Representing ATA, Tim Searcy gave the keynote address at the 2008 ATSI Convention and Expo on June 19 in St. Louis Missouri. He opened the convention with an insightful presentation entitled: “Futurecast for the Teleservices Industry.” Tim shared that, as an industry, we are at a fork in the road. (He had a great graphic in his PowerPoint presentation to re-enforce this point.) The two options ahead of us go in diverging directions; the path we choose could very well pave way towards either success or failure. Some of his candid and interesting comments included:
- Of all communication channels available, 64 percent of interaction is via the telephone.
- The benefit of focusing on high-quality service versus low-cost service is a much higher retention of clients.
- An added bonus of focusing on quality is improved agent retention. This is because agents experience greater job satisfied when they are actually allowed to do what they were hired to do — help callers.
- Despite a huge decrease in outbound calling and much of the world’s communication shifting to the Internet, call center telephone traffic has not decreased, but has actually remained flat. This development is counterintuitive, but, nonetheless, welcome news.
- Offshoring will begin to settle. This is due to customer backlash against difficult to understand agents and a weakening U.S. dollar.
- Other countries are actually offshoring to the U.S. to save money or achieve quality.
- Since clients will complain regardless of what rates they are charged, call centers are advised to charge a premium price (and provide quality service). That strategy is being used by some of the largest and most successful teleservices call centers in the United States.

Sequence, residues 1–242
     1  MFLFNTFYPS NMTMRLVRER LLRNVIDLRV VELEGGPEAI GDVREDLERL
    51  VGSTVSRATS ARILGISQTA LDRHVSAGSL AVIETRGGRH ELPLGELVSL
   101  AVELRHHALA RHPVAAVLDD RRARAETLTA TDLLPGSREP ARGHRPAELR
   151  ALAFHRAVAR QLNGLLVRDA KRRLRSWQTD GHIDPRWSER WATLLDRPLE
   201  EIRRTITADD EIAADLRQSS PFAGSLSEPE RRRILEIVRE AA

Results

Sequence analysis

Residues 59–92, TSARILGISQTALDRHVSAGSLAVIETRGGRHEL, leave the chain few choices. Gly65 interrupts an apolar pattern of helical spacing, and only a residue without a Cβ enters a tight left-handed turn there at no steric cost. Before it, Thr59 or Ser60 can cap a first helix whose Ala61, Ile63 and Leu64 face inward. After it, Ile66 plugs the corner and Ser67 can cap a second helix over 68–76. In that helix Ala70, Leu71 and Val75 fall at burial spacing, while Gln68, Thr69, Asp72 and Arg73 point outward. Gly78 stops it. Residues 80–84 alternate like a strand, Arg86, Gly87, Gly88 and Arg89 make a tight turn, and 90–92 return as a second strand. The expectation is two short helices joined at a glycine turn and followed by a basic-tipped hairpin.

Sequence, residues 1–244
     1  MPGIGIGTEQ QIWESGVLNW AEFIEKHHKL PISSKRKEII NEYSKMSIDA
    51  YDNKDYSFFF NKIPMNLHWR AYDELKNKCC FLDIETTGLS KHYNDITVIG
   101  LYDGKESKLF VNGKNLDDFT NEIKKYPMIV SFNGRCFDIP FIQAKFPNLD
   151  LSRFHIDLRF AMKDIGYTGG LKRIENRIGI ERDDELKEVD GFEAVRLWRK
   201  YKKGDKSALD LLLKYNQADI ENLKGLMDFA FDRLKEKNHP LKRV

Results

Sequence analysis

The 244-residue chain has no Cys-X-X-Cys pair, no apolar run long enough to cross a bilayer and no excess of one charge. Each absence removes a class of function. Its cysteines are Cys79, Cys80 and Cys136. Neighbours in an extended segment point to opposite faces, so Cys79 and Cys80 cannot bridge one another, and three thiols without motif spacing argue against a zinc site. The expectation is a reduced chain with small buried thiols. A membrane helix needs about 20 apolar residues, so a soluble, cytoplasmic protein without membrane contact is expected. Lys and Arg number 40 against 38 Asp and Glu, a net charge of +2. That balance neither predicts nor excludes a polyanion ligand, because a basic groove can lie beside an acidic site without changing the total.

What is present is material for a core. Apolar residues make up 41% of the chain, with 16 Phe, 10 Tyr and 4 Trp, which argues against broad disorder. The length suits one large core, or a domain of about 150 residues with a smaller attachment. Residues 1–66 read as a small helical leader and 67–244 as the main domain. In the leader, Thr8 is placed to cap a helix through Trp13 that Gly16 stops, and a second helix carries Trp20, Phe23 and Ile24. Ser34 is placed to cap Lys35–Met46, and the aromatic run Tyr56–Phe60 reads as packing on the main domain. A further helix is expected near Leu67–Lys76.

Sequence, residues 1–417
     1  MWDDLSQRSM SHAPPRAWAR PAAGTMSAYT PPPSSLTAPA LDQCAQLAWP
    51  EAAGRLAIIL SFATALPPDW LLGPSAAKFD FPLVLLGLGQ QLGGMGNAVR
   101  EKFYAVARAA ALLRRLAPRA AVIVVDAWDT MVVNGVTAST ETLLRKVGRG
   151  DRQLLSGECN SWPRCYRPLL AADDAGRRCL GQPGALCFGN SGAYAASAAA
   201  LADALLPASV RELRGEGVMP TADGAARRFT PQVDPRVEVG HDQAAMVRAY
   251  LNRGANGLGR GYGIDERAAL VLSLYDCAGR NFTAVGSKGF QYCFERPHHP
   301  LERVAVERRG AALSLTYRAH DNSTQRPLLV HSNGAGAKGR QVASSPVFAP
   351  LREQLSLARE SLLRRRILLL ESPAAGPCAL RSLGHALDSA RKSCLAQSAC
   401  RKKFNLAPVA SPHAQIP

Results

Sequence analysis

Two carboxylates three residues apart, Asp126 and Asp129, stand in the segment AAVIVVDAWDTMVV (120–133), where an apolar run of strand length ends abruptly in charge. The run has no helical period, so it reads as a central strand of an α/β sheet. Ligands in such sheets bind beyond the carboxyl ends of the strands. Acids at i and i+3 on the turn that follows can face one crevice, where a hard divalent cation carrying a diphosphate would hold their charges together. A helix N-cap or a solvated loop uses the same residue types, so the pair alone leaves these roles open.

In concluding his presentation, Tim offered this summary of key concepts:
1. Outsourcing is growing.
2. Live agents are key.
3. There will be more emphasis placed on the phone.
4. Consumers will determine the future.
5. Ignore regulations at your peril.
Some ATA members are also members of ATSI. ATSI, the Association of Teleservices International, is a trade association, begun in 1942 to support the then nascent telephone answering service industry. Much has changed in the 66 years since then. Today, virtually all viable answering services process calls on sophisticated computerized switching systems, type caller information into computer databases, and rely on programmed speed dialing and automated dispatching to relay information to their clients.
The telephone answering service industry is currently undergoing a wave of consolidation, as larger, more technically astute and well-managed centers buy smaller, less able players. Another reason for consolidation is that, historically, answering services are family-run operations. Aging owners, who do not have family members interested in taking over the business, view selling their answering service as the most viable and profitable exit strategy.
Another development in the telephone answering service industry is that many are pursuing diversification strategies by offering other types of call processing services. These include order-taking, ad response, first-level help desk, class registrations, and appointment setting. The modern telephone answering services’ current level telephony infrastructure and technological sophistication have nicely positioned them to pursue and embrace these types of services.
Given the evolving state of the telephone answering service industry to more fully embrace the teleservice industry, there are interesting synergistic opportunities between ATA and ATSI.